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IN SPRING 2019, TURATH, a youth-led research effort in the San Francisco Bay Area, surveyed over 300 students about representation and perceptions of Arabs and Muslims in their schools. Over 60% of student respondents said they had spent “no time learning about Arab history and/or culture” in their classes. 

“Even though not all Arabs are Muslim or all Muslims are Arab, Islamophobia is so important in the US and people don’t understand what Islam is—it’s only seen as bad,” said Suhera Nuru, an Ethiopian Muslim rising senior at Berkeley High School, and the vice president of the school’s Muslim Student Association. She said that an Arab American studies curriculum, with its analysis of Islamophobia and the racialization of Muslims in the US, would help her classmates better understand her as a Black Muslim. Of the half dozen of her rising senior classmates that I spoke to, none could recall learning about Arab American experiences or Islamophobia in the US in their required ethnic studies classes at Berkeley High, which has one of the nation’s oldest ethnic studies programs. 

Last year, the California Department of Education (CDE) planned to provide materials for Arab American studies education as part of a new Ethnic Studies Model Curriculum (ESMC) for K-12 schools across the state. But after the first draft of the curriculum came under heavy fire from Israel-advocacy groups for its Palestine-related content, the Arab American studies content will be heavily reduced—and all content related to Palestine removed.  

A new ESMC draft released by the CDE’s Institutional Quality Commission (IQC) on July 31st, which is significantly shorter than the original, announced in its preface that the model curriculum would “focus on the traditional ethnic studies first established in higher education which has been characterized by four foundational disciplines: African American, Chicana/o/x and Latina/o/x, Native American and Indigenous, and Asian American studies”—signaling that Arab American and Pacific Islander studies had been cut from the curriculum. Community organizations mobilized for two weeks to protest the excision of those disciplines. Then, during an all-day meeting on August 13th, during which the commissioners met on Zoom and heard over three hours of public comment calls, the IQC announced that it had partially reversed course. Pacific Islander Studies would be reinstated, along with a single Arab American studies sample lesson, as opposed to an entire Arab American studies section as originally proposed. 

The ESMC draft goes up for public comment this September, then back to the IQC for review and finalization. At the August 13th meeting, IQC Director Shanine Coats stated that there will be a separate feedback process and timeline only for the single Arab American studies lesson, which “will include public comment to make sure that any language perceived as antisemitic is removed.” According to Coats, the Arab American studies lesson will focus only “on the experience of immigration for Arab Americans in the United States,” suggesting that other sample lesson plans and glossary terms from the first draft, including references to Palestine, will not be preserved. 

Public comment on the new draft, as well as conversations with community advocacy groups, show that no one is entirely happy with the new plan or the proposed process. While conservative and Jewish Israel-advocacy  groups have claimed victory regarding the exclusion of Palestine and other content perceived as “anti-Israel,” they still complain that the curriculum in general excludes Jewish American experiences. Ethnic studies advocates, meanwhile, are hopeful that they will ultimately influence the IQC to reinstate the original draft model curriculum in as close to its original form as possible, including the content on Palestine.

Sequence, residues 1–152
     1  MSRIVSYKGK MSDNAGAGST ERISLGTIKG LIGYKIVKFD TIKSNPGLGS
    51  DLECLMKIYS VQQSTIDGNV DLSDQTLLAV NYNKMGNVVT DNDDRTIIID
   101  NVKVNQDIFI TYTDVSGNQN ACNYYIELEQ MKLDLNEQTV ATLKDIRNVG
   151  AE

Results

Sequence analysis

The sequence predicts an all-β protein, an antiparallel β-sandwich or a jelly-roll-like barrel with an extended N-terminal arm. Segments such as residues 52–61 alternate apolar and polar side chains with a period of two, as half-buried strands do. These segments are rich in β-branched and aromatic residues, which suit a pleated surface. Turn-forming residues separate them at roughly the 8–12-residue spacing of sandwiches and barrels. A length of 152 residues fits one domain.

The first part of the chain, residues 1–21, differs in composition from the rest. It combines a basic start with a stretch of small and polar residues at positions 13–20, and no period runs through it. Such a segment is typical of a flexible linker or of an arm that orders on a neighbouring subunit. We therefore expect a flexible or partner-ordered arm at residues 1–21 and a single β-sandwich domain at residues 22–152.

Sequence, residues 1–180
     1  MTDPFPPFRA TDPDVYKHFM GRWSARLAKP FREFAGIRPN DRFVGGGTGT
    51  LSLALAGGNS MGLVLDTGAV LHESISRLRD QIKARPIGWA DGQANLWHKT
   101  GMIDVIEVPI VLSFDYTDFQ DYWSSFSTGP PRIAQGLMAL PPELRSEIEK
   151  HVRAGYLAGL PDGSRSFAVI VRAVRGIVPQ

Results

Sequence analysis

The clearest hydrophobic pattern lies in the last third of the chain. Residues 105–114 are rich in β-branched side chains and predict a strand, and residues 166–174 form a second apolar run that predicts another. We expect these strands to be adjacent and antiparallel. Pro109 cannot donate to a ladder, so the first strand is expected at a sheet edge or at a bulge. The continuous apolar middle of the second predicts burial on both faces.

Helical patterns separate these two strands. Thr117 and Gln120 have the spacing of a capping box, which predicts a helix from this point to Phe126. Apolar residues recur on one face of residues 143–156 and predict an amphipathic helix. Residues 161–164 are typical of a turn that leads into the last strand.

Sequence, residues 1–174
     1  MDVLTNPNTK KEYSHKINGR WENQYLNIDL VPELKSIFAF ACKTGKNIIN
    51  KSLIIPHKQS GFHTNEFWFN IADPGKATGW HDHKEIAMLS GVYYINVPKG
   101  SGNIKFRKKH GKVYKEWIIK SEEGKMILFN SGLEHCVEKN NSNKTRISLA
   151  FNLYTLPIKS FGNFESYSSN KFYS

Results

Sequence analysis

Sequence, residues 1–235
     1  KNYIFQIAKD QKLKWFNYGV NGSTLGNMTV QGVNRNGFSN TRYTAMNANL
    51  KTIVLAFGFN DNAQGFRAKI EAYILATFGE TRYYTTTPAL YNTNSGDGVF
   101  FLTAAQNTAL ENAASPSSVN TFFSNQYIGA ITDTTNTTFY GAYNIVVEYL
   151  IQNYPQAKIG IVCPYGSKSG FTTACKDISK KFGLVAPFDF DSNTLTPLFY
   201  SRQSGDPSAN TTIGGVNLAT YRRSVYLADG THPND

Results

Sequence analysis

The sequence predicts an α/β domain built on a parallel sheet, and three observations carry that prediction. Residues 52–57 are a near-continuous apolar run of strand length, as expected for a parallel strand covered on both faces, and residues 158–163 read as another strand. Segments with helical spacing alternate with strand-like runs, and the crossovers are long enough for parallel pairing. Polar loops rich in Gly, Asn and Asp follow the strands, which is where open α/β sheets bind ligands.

A 2016 CALIFORNIA LAW mandated that the state create a model curriculum as a resource for K-12 schools interested in teaching ethnic studies—a discipline that emerged from radical social movements in the 1960s and ’70s and traditionally consists of histories and theories from African American, Native American, Chicanx and Latinx, and Asian American studies. (California schools are not currently required to teach ethnic studies, though a bill to make ethnic studies a high school graduation requirement is making headway in the legislature.) When the CDE released its first draft of the ESMC in the summer of 2019, it included an Arab American studies section as part of the Asian American studies module. That section included suggestions for teaching about connections between Palestine and Black Lives Matter and a reference to the Boycott, Divestment, and Sanctions (BDS) movement. Jewish groups that advocate for Israel, like the American Jewish Committee, balked at the Palestine-related content and campaigned to have it removed from the draft, complaining that the material was antisemitic and arguing that the Jewish American experience should also be included. Their campaign came alongside broader attacks on the model curriculum from the right, which argue that the curriculum is a left-wing project of political indoctrination. Due to the massive number of critical public comments received during the initial comment period—including more than 18,000 comments expressing concern about BDS and antisemitism—the curriculum went into a closed revision process. Ethnic studies advocates, including many of the authors of the original 2019 draft, worried that a new version of the curriculum would stray from the discipline’s radical roots and that it might exclude Arab American studies altogether.